• 1 woman in 49 dies in childbirth [in Uganda]. To put this into context, in Australia the number is 1 in 8,100.
  • The United Nations (WHO) estimates that 289,000 women die annually in childbirth. Developing countries account for 99% of these deaths.
  • This means that on average, 1 woman in 27 dies from pregnancy-related causes.
  • The majority of deaths occur around the time of delivery
  • 43% of women are not delivering with skilled birth attendants and are often delivering in unclean conditions (especially women in remote areas).
  • Many health facilities operate under poor water, sanitation and hygiene (WASH) conditions and the birthing kits are still relevant to use in health facilities
  • Infection is a contributing factor of maternal death, often introduced at delivery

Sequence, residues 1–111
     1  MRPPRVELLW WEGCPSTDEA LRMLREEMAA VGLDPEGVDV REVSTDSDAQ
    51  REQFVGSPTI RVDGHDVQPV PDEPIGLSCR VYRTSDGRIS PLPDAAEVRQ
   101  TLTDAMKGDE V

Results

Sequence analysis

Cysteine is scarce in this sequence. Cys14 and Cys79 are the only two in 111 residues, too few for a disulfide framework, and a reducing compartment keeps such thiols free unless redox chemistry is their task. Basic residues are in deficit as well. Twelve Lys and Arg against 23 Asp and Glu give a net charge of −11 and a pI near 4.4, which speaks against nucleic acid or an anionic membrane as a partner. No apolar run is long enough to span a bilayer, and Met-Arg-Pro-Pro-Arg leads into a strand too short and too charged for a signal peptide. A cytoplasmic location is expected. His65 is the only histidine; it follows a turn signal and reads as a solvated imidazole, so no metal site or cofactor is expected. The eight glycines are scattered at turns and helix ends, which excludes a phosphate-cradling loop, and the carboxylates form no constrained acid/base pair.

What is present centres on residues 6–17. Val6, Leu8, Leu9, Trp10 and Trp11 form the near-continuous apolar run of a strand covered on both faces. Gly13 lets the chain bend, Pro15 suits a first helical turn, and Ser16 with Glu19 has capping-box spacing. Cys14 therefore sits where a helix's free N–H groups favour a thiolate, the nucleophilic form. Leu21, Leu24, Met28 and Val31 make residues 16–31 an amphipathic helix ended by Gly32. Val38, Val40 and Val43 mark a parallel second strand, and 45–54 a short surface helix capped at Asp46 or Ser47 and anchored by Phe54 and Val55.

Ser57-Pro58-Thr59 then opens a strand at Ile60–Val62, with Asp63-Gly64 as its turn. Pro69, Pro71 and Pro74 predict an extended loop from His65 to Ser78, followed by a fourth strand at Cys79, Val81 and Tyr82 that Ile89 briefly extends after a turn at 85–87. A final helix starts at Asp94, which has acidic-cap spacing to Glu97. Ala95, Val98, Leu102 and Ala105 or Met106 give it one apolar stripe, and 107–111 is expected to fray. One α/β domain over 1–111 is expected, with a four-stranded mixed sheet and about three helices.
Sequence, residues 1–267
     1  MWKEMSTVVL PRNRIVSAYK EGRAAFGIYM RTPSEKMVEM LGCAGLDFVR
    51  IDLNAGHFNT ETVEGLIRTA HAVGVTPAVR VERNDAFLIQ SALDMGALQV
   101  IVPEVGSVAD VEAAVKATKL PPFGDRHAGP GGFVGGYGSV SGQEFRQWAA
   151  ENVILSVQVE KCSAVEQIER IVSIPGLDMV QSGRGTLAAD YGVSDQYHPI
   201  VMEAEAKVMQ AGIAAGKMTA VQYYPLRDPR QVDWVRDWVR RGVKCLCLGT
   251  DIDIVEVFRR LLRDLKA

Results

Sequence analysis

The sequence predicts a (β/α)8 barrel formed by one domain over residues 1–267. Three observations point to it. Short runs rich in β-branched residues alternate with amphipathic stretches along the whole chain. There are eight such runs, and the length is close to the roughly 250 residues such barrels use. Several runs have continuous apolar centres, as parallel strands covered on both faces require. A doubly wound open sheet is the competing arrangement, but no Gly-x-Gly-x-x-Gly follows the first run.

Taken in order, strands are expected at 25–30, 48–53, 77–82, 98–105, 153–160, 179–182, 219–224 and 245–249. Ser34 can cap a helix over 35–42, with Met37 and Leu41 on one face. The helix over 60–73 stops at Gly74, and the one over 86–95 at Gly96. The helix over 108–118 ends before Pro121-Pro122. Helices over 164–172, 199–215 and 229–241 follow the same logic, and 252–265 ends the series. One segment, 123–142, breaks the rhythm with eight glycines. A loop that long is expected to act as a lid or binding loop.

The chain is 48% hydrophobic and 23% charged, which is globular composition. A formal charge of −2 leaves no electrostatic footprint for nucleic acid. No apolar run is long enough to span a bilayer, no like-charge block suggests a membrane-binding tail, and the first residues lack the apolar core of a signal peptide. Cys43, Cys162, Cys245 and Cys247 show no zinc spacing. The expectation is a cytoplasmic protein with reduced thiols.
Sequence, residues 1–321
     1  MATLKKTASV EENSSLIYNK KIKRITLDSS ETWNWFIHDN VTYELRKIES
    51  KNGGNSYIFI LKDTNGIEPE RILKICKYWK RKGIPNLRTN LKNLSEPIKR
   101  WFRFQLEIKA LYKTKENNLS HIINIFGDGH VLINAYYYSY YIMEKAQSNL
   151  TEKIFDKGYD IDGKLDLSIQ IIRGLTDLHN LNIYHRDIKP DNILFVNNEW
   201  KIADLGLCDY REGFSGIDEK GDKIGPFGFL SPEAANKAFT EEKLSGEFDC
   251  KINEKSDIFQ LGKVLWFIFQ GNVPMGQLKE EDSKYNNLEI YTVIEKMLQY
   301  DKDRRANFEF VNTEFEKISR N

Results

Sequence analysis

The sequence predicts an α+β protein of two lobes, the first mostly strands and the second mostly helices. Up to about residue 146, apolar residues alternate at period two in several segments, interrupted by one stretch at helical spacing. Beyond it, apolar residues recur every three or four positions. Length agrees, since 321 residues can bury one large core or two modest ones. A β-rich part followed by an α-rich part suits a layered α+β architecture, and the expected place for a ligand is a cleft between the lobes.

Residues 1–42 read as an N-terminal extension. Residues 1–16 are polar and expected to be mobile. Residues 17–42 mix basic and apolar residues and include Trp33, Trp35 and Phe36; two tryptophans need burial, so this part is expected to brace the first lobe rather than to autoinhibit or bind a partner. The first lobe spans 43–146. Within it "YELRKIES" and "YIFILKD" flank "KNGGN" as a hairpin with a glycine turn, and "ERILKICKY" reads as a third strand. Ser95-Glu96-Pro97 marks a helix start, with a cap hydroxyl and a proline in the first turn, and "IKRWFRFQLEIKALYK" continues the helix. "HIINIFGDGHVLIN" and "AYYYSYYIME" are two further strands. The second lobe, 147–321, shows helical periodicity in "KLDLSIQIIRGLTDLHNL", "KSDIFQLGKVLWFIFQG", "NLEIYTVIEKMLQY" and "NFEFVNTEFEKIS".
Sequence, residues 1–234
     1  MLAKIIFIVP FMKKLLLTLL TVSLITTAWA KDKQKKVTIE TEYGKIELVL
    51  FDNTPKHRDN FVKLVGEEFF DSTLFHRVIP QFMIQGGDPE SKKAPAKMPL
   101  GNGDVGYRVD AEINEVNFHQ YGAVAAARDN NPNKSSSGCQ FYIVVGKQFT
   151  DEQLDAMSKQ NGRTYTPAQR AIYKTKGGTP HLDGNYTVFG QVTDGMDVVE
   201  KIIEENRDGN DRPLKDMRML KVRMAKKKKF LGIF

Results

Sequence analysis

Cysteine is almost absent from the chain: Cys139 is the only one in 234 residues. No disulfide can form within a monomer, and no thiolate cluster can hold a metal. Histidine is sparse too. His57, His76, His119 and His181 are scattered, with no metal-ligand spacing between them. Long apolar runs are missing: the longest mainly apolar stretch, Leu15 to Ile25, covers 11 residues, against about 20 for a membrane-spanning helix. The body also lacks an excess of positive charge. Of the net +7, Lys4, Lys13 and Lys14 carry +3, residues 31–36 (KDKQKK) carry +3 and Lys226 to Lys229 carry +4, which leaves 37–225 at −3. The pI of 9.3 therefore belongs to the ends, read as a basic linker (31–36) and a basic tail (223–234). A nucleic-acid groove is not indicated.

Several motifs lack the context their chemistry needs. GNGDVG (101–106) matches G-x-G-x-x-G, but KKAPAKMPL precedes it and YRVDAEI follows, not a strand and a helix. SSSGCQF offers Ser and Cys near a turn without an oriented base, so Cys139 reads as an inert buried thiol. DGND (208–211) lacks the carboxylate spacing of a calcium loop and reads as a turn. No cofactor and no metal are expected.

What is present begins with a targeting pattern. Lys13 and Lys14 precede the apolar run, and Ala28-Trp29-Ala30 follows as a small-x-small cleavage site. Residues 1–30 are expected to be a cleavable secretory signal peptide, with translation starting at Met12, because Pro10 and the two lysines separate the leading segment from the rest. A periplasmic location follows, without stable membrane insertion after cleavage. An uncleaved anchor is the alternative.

• The proportion of newborn deaths of all under 5 child deaths, is increasing as this needs more focus in our interventions
  • 33% of all child deaths in Uganda are newborn with infection responsible for a significant number of these
  • Infection can be introduced during delivery, cutting and care of the cord.

This is where Vision Sisters are making a huge difference.

Vision Sisters is a new movement of Australian women who,  with faith and compassion, join together to assist women in the poorest countries in the most practical way. This year, their goal is to save the lives of mothers and babies in Uganda by providing 10,000 clean birthing kits and providing training to health workers.

Although a birthing kit is basic and costs only $3 (less than a cup of coffee), it can help prevent infection and save lives.